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I believe this is an old Model T Ford truck, but of course, with the benefit of some light painting added. I popped the speedlight in the interior with a red gel, and used flashlights elsewhere. This was taken in Sonoma County along one of the roads winding through the redwoods. I saw this during the day and knew I had to return at night.

Title: People can have the Model T in any color so long as it’s black
Photography: Ken Lee
Info: Nikon D7000, Tokina 11-16mm f/2.8 lens, Feisol tripod. 121 second exposure at f/8 ISO 200. Light painted with LED flashlights and gels.
Location: Sonoma County, CA USA

Equipment:  Nikon D7000, Tokina AT-X 116, Feisol tripod.

VISIT ME, VISIT ME!
You can see more of these photos here  on my Ken Lee Photography Facebook Page (poke your head in, say hi, and “like” the page if you would, uh, like). We discuss long exposure, night sky, star trails, and coastal long exposure photography, as well as lots of other things, so I hope you can join us!

And you can go to the Ken Lee Photography website, which has more photos from Ken Lee.  Thank you very much for visiting!

 

The Haunted Ambulance – Bringin’ the Freak (Night Sky Light Painting)

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For this one, I went really over the top with the light painting, highlighting the red cross and star and tires. I had fun doing this, and I like the demented haunted feel that this photo has.

Title: Haunted Ambulance
Photography: Ken Lee
Info: Nikon D7000, Tokina 11-16mm f/2.8 lens, Feisol tripod. 391 second exposure at f/8 ISO 200 at 3:43 am 21 December 2013. Light painted with LED flashlights, a speedlight, and gels.
Location: Agoura Hills, California, USA

Mystery Ruins of the Desert – Llano Del Rio Socialist Colony

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The desert holds many mysteries. One of these mysteries is Llano Del Rio.

This grain silo is part of the 100 year old ruins of Llano del Rio Colony, a socialist utopian community, established in SE Antelope Valley in 1914. Llano del Rio was founded by Job Harriman, a young lawyer who almost won a bid for mayor of Los Angeles in 1911, obtaining over a third of the votes. Not trusting the political system to enact social change, Harriman founded the community out in the desert north of Los Angeles. The cooperative thrived, its population exceeding 1000, until their water supply was diverted by an earthquake fault. They had one of the country’s first Montessori schools, hosted a fertile intellectual and cultural climate, and had innovative low-cost housing, Social Security, minimum-wage pay, and universal health care services that predated the rest of the country by decades. Although Llano del Rio is today considered Western American history’s most important non-religious utopian community, there is unfortunately no protection for the site despite being a California Historic Landmark.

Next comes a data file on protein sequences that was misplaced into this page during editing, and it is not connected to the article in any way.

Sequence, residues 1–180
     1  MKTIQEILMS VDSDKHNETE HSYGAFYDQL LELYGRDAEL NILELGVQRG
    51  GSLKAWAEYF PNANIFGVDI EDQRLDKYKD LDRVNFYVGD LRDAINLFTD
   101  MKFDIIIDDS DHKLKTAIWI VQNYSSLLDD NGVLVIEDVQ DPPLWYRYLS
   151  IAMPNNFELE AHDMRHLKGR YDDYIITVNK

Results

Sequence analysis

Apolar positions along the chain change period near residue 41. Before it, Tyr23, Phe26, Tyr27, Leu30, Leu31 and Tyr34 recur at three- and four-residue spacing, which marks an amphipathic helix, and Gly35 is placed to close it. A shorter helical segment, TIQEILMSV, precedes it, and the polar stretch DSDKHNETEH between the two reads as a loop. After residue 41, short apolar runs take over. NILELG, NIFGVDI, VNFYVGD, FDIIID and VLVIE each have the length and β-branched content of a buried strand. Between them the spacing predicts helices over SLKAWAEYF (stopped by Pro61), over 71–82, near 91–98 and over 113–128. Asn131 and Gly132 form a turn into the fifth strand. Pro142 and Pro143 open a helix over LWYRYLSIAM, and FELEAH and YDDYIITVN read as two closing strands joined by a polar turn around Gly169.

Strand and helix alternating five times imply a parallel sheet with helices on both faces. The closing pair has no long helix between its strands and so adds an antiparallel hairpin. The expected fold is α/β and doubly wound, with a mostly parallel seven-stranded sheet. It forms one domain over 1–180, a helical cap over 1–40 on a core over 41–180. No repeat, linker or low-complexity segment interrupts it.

If you climbed inside the grain silo, and, ignoring the remains of a bonfire and the broken glass, laid down on your back and peered straight up, this is what you would see. I take these risks so you don’t need to, and that’s very sweet of me.

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Please click on the photo to view it larger and more clearly!  Thanks!

The colony’s local economy was almost totally self-sustaining. Their economy included agriculture, orchards, a paint shop, a print shop, and a fish hatchery. Despite the desert climate, their farms succeeded, their farmers using purchased water to create fertile farmland, and growing alfalfa, corn, and grain, stored here in this grain silo. By 1916, Llano Del Rio grew ninety percent of the food they ate. A world class rabbitry provided the colonists with their main source of meat; and a large stable complex just outside the colony could house up to 100 horses.

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Llano Del Rio opened on May Day of 1914, its first inhabitants members of the Young People’s Socialist League. In the beginning, only the community center had been constructed, and during much of the colony’s existence, very few permanent structures were ever built. Many people lived in canvas tents, able to do so because of the warm desert climate.

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Llano Del Rio held a parade, dances, and had a champion baseball team and other sports. They also had a drama society, staging black-face minstrel shows. And Llano were chivalrous and gentlemanly, not allowing f-bombs in the presence of women and children. Liquor was not allowed unless granted permission by a doctor.

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Equipment:  Nikon D7000, Tokina AT-X 116, Feisol tripod.